While the child always directs the fantasy, the parent's role is to redirect when necessary to maintain focus. Every time the child veers of track, you can gently direct the child back to the game — for example, "I was really interested in that horsey story. Tell me what happens next."
If the child is not finished with the fantasy as the ten-minute period concludes, the parent can prompt the ending. "Oh, it's getting dark. Time for horsey to get ready to go to bed," or "The boy's mommy is calling him to come home for dinner now." Take another minute to finish the story and put away the toys.
Start with simple themes: the horse is running around the pasture, and then it's time to have a snack and go home. After a few months, you'll probably notice an improvement in your child's ability to stick with the task. At that point, you can step up the challenge gradually by making the themes increasingly more elaborate (After the snack the horses go out to find a secret treasure). You can even expand the venue of the game from the playroom floor to the whole house.
Rehearsing social behaviors and consequences
Non-ADHD kids who naturally play fantasy game from beginning to end have ample opportunity to rehearse, abandon, and try out new behaviors in this safe and sheltered context. But ADHD kids are different; without parental involvement they may not be up to this task.
Therefore, throughout the story the parent should interact in ways that encourage the child to rehearse social behaviors, experience logical consequences and eventually anticipate outcomes.
- "If the baby horse goes out without his mommy, do you think he might get lost?"
- "If the girl breaks all her toys, what will she have to play with?"
- "If the boy hits his friend, maybe the friend will get hurt and not want to play with him anymore."
Parents also can respond within the fantasy — for example, taking the part of the injured party. If the child's figure hits yours, you might say: "Ow, that hurts! I don't want to play with people who hurt me. Can you try being more gentle?" ADHD children, so used to being chastised, can be more responsive to correction when it's not directed personally at them.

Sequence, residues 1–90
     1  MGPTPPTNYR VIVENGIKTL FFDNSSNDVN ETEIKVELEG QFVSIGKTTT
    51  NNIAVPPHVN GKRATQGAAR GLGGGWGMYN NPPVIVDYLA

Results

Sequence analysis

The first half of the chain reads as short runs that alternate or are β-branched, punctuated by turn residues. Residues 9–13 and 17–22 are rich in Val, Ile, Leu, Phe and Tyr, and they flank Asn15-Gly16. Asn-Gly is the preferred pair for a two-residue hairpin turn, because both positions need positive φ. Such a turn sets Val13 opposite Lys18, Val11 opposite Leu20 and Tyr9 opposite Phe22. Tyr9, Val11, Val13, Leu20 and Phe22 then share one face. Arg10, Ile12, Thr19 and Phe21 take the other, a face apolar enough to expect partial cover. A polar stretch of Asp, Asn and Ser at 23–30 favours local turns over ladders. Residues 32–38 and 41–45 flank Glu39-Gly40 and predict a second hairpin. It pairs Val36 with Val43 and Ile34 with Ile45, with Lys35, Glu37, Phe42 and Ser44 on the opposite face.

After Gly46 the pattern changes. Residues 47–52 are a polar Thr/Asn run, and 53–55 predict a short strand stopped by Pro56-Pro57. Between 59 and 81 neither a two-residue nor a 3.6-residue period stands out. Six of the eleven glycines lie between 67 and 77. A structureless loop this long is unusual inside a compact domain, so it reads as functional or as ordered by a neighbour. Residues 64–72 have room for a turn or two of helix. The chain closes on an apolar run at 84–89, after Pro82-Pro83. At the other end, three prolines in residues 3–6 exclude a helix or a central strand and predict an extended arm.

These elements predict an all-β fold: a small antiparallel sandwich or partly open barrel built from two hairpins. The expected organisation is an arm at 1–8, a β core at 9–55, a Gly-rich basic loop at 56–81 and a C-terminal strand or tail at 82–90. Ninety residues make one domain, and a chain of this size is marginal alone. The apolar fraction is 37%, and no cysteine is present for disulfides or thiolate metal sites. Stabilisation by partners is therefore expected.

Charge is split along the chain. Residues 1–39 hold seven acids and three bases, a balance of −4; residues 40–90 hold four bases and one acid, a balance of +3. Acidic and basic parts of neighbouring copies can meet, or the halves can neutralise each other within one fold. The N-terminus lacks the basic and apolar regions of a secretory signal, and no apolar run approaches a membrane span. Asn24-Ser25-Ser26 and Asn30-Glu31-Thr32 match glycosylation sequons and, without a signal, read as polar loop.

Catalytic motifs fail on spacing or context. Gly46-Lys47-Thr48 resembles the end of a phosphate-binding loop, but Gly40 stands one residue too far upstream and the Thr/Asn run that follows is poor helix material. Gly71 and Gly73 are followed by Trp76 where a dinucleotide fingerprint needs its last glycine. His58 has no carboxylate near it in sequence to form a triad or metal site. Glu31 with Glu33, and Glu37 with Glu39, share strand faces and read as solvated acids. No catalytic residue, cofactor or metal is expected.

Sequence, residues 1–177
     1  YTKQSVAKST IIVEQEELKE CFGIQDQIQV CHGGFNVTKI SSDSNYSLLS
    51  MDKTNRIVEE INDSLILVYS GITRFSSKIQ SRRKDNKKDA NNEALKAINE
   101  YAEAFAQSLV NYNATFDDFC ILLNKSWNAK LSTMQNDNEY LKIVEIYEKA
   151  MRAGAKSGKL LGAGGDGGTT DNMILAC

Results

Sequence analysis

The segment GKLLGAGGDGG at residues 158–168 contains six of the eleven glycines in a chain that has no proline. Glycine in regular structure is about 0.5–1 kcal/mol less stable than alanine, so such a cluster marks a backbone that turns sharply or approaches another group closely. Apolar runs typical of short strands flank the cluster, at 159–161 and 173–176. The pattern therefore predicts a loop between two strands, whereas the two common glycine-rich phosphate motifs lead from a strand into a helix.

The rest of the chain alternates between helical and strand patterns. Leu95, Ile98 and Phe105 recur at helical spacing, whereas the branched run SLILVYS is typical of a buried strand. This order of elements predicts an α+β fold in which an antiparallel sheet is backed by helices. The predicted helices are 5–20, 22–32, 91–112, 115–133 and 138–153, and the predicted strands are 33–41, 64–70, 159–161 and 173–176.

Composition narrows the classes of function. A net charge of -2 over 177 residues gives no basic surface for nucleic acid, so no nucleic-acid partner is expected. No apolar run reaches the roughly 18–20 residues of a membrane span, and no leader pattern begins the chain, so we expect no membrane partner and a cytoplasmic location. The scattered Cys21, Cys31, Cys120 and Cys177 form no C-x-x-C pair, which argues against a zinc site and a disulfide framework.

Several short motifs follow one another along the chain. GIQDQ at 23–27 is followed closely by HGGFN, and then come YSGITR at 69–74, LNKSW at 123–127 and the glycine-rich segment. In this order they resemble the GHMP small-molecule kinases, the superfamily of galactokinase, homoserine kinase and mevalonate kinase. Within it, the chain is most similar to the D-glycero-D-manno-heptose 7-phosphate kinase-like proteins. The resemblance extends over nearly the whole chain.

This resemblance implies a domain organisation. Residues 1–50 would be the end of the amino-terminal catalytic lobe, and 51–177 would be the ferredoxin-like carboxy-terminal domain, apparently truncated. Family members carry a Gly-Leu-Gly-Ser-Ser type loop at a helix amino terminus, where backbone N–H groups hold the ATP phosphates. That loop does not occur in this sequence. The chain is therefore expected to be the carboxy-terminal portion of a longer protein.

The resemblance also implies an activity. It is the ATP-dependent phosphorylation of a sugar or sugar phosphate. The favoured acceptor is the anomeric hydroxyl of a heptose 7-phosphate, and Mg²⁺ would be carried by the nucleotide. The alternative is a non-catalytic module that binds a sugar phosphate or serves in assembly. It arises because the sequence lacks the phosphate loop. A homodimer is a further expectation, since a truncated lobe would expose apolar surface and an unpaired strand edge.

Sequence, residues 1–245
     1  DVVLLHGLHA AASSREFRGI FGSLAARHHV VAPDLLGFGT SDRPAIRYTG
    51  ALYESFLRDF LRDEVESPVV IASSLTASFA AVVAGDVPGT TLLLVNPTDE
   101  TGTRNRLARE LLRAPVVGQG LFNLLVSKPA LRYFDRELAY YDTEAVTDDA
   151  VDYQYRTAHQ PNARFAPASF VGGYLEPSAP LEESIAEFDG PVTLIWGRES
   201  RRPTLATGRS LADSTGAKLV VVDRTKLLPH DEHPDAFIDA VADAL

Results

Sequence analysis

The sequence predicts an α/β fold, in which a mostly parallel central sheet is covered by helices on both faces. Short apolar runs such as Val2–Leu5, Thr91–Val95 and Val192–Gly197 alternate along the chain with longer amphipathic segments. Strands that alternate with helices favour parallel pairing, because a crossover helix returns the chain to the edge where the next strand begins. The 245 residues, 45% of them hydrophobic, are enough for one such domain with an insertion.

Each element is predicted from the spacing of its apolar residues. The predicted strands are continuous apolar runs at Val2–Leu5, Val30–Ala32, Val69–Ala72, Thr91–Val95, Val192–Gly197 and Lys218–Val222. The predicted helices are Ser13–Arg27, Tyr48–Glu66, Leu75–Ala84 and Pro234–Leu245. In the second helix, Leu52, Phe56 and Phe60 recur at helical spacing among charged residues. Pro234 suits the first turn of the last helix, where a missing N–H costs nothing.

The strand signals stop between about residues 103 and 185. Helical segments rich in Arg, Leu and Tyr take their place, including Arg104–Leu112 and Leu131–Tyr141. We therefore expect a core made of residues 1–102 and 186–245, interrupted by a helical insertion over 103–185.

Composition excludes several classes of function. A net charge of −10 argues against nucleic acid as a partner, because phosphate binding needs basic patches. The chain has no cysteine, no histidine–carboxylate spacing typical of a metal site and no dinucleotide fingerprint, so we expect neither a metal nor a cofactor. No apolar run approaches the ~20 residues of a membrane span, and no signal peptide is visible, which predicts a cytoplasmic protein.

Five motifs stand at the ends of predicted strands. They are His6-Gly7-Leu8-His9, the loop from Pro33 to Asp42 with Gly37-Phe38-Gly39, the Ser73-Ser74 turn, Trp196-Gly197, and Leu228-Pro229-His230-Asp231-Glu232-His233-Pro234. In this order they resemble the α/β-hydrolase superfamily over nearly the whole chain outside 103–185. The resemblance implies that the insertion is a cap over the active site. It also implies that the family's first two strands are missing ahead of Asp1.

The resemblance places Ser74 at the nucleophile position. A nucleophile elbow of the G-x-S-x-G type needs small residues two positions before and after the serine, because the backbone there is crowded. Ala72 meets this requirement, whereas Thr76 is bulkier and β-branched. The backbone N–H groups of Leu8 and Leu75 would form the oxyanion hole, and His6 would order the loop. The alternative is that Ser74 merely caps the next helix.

The parent-child relationship benefits from this kind of play too. Says Dr. Brady, "What parents can gain along with the satisfaction that they're helping the child is time to enjoy each other, unlike most times where you're telling your kids what to do or making them do something. And its doubly rewarding because kids in this age group are so much fun and they say the cutest things."
Ages 6-10: rehearsing lifetime skills
Elementary school is a time during which children develop increasingly sophisticated social and cognitive skills that will carry them to high school and beyond. It's an especially critical period for children with ADHD; if they fall behind their peers in this domain, it sets the stage for failure in the future.
"From six to ten, most children learn how to take turns, play by the rules, pay attention to detail, strategize, handle frustration, deal with failure, and recover from disappointments," says Dr. Brady. But ADHD kids often find themselves excluded from the very peer activities such as team sports and cooperative board games that help them build these skills. Their lower frustration tolerance, shorter fuse, and difficulty staying on task can be off-putting to potential team and play mates. When ADHD children are shunned, they miss opportunities to develop socially and cognitively with their peers. This snowball affect can take years to counteract.